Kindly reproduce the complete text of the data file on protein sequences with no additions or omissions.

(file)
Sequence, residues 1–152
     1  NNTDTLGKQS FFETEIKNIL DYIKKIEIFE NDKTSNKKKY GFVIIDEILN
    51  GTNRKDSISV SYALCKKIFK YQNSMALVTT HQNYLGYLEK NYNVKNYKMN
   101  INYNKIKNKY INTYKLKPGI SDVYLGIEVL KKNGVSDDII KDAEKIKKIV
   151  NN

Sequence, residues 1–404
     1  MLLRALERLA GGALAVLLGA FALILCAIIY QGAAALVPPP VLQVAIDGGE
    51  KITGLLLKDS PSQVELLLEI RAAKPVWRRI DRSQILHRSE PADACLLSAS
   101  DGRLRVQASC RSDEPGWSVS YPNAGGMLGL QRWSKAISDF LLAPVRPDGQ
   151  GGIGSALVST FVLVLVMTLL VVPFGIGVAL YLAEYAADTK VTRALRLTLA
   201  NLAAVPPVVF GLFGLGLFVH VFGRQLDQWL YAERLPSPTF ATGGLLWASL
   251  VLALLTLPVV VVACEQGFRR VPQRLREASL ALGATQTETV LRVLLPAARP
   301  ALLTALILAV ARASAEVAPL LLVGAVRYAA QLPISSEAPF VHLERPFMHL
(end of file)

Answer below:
Sequence, residues 1–152
     1  NNTDTLGKQS FFETEIKNIL DYIKKIEIFE NDKTSNKKKY GFVIIDEILN
    51  GTNRKDSISV SYALCKKIFK YQNSMALVTT HQNYLGYLEK NYNVKNYKMN
   101  INYNKIKNKY INTYKLKPGI SDVYLGIEVL KKNGVSDDII KDAEKIKKIV
   151  NN

Sequence, residues 1–404
     1  MLLRALERLA GGALAVLLGA FALILCAIIY QGAAALVPPP VLQVAIDGGE
    51  KITGLLLKDS PSQVELLLEI RAAKPVWRRI DRSQILHRSE PADACLLSAS
   101  DGRLRVQASC RSDEPGWSVS YPNAGGMLGL QRWSKAISDF LLAPVRPDGQ
   151  GGIGSALVST FVLVLVMTLL VVPFGIGVAL YLAEYAADTK VTRALRLTLA
   201  NLAAVPPVVF GLFGLGLFVH VFGRQLDQWL YAERLPSPTF ATGGLLWASL
   251  VLALLTLPVV VVACEQGFRR VPQRLREASL ALGATQTETV LRVLLPAARP
   301  ALLTALILAV ARASAEVAPL LLVGAVRYAA QLPISSEAPF VHLERPFMHL